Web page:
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Long-Lost Satellite Found by Amateur Astronomer
The IMAGE spacecraft undergoing launch preparations in early 2000.
Credit: NASA

An amateur astronomer has made contact with a long-lost NASA satellite, the agency announced Tuesday (Jan. 30). 

The Imager for Magnetopause-to-Aurora Global Exploration (IMAGE) satellite was launched in March 2000, and exceeded its initial two-year mission by operating through 2005. However, NASA controllers lost contact with the satellite in December 2005, bringing the mission to an abrupt end. 

Now, engineers from NASA's Goddard Space Flight Center have confirmed that a signal detected by the amateur astronomer (who was not named in the statement) is actually from the IMAGE satellite. The engineers used NASA's Deep Space Network — which consists of a series of ground-based radio telescopes — to identify the signal. [In Photos: Spotting Satellites and Spaceships from Earth]

"On the afternoon of Jan. 30, the Johns Hopkins Applied Physics Lab in Laurel, Maryland, successfully collected telemetry data from the satellite," NASA officials said in a statement. "The signal showed that the space craft ID was 166 — the ID for IMAGE. The NASA team has been able to read some basic housekeeping data from the spacecraft, suggesting that at least the main control system is operational."

A NASA diagram of the IMAGE satellite. IMAGE (short for Imager for Magnetopause-to-Aurora Global Exploration) launched in 2000 and went silent unexpectedly in 2005.
A NASA diagram of the IMAGE satellite. IMAGE (short for Imager for Magnetopause-to-Aurora Global Exploration) launched in 2000 and went silent unexpectedly in 2005.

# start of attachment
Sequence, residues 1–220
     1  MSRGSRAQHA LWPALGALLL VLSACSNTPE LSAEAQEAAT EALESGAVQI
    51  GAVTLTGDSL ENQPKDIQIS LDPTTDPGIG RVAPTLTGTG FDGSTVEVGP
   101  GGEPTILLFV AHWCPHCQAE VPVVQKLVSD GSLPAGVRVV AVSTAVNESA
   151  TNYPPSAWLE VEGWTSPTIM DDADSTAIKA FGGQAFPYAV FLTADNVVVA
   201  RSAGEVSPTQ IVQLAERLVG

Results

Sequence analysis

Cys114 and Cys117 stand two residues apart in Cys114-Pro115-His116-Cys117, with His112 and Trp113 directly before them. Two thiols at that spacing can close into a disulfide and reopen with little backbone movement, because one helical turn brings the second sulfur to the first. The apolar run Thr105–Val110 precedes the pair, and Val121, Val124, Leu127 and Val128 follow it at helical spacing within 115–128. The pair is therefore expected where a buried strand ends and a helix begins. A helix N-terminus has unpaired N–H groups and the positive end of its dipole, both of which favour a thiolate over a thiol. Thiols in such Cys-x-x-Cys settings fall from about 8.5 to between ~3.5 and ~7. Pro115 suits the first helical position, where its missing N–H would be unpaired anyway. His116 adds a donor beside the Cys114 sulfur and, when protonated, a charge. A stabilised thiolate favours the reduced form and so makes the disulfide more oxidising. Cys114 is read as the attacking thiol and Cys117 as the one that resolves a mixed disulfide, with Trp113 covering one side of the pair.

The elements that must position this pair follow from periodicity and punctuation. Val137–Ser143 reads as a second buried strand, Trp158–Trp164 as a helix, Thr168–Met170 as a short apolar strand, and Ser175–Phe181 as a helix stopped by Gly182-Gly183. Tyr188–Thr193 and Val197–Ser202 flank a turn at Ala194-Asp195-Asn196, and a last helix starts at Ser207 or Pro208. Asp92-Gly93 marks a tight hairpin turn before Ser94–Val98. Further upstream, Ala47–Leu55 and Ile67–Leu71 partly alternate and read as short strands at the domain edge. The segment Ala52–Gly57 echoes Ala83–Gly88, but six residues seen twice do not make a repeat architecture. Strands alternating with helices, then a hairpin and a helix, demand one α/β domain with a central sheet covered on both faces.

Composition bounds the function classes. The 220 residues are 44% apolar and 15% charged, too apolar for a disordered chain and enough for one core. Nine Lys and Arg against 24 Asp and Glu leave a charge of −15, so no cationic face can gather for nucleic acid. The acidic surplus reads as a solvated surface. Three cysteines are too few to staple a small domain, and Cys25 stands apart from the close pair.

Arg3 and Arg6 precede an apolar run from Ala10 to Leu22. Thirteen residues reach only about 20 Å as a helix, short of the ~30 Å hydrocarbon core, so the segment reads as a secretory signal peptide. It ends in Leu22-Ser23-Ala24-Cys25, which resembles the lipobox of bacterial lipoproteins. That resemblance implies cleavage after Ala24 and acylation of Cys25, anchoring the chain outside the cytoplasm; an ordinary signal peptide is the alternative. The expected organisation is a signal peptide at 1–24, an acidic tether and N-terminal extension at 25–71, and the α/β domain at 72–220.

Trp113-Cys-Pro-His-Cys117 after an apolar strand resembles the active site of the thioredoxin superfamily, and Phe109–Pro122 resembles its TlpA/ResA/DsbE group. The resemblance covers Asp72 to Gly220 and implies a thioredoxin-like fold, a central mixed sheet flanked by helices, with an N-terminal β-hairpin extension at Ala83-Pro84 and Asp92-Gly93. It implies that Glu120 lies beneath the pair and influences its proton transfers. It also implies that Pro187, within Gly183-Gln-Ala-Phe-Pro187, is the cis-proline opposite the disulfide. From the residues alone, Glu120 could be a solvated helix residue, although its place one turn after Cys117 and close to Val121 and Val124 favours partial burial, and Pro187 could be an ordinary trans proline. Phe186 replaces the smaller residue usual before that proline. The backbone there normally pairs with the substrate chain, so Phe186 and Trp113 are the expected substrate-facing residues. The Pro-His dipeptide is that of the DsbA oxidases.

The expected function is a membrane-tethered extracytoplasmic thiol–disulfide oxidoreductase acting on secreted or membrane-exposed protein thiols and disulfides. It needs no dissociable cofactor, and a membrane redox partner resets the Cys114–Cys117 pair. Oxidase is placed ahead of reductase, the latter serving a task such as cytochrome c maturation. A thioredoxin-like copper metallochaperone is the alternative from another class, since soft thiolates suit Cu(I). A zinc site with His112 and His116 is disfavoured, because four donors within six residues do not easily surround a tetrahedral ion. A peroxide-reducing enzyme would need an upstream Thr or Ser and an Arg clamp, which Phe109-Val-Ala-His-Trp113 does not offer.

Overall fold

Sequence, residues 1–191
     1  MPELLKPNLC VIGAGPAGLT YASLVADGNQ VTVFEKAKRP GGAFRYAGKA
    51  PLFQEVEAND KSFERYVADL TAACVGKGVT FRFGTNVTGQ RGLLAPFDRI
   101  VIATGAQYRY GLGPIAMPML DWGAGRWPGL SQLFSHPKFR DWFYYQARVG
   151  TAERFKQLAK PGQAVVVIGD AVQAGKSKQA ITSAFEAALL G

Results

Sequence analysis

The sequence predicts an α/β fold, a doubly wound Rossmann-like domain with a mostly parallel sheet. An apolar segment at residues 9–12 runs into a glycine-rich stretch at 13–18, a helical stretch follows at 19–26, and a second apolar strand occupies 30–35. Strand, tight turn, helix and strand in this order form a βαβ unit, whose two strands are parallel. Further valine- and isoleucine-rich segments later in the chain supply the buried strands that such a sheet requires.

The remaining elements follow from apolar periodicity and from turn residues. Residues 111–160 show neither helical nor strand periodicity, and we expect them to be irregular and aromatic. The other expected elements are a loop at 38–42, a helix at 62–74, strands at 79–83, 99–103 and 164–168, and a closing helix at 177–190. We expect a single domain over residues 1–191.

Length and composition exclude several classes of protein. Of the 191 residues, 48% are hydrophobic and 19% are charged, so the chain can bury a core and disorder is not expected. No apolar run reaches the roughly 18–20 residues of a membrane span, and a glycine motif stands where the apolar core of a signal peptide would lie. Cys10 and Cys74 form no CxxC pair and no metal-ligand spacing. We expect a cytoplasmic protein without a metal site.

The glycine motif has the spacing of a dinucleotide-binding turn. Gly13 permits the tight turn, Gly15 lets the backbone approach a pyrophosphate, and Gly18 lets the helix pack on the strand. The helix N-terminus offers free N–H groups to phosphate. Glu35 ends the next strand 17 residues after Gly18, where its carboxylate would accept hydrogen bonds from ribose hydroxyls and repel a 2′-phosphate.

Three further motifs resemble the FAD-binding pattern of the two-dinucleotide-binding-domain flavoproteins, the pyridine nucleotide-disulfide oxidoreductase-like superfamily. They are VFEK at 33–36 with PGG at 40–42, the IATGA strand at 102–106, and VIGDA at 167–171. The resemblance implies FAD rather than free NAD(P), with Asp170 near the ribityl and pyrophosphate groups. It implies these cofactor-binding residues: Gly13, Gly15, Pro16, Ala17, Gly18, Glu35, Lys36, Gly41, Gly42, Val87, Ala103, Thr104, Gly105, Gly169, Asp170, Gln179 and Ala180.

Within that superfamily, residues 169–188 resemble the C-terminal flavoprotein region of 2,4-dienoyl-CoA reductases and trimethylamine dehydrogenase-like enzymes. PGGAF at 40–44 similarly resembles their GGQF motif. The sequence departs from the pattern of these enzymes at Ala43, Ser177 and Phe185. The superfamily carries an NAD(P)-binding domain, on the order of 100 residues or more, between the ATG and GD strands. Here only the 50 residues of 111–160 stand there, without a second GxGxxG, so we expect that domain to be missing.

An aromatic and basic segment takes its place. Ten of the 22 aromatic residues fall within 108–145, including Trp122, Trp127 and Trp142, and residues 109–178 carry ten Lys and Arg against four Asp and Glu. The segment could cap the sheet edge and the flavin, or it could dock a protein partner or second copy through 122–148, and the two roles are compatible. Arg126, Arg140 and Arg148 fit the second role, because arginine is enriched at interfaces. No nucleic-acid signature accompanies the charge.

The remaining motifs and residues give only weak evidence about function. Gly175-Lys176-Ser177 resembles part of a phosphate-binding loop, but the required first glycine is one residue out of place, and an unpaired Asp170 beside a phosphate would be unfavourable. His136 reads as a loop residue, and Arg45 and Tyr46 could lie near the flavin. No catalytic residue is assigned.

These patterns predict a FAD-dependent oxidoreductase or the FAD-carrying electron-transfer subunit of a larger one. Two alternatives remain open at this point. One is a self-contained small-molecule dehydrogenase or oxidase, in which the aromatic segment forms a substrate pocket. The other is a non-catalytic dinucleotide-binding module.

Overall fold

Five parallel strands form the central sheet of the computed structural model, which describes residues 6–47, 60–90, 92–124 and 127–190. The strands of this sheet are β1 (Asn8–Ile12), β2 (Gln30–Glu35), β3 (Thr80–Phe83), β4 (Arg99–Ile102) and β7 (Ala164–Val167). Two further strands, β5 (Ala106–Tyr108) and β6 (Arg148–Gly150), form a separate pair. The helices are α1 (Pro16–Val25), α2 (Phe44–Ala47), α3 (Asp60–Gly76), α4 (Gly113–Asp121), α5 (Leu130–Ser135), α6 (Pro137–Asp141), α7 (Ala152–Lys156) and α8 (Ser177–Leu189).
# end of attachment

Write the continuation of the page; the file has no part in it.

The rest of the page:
Credit: NASA

IMAGE was the "first satellite mission dedicated to imaging the Earth's magnetosphere, the region of space controlled by the Earth's magnetic field," according to NASA. The Earth's magnetic-field lines connect to the planet at two poles that lie very close to the geographic North and South poles. The magnetic-field lines rise up from those contact points and curve around the planet, creating a sort of magnetic bubble. The field lines influence the movement of plasma, a gas consisting of charged particles (electrons) and charged atoms (called ions), which can then be measured by in-situ instruments. Previous studies of the magnetosphere relied on stitching together a global picture of this region based on in-situ measurements taken at various locations, according to NASA. 

"Instead of such in situ measurements, IMAGE employed a variety of imaging techniques to 'see the invisible' and to produce the first comprehensive global images of the plasma populations in the inner magnetosphere," according to NASA's website. "With these images, space scientists were able to observe, in a way never before possible, the large-scale dynamics of the magnetosphere and the interactions among its constituent plasma populations."

NASA says it's not done yet with IMAGE. 

"Scientists and engineers at NASA’s Goddard Space Flight Center in Greenbelt, Maryland, will continue to try to analyze the data from the spacecraft to learn more about the state of the spacecraft," agency officials said in the statement. "This process will take a week or two to complete as it requires attempting to adapt old software and databases of information to more modern systems."

Editor's note: This story, posted Jan. 29, has been updated to reflect NASA's Jan. 30 announcement that contact with the IMAGE satellite has been made.

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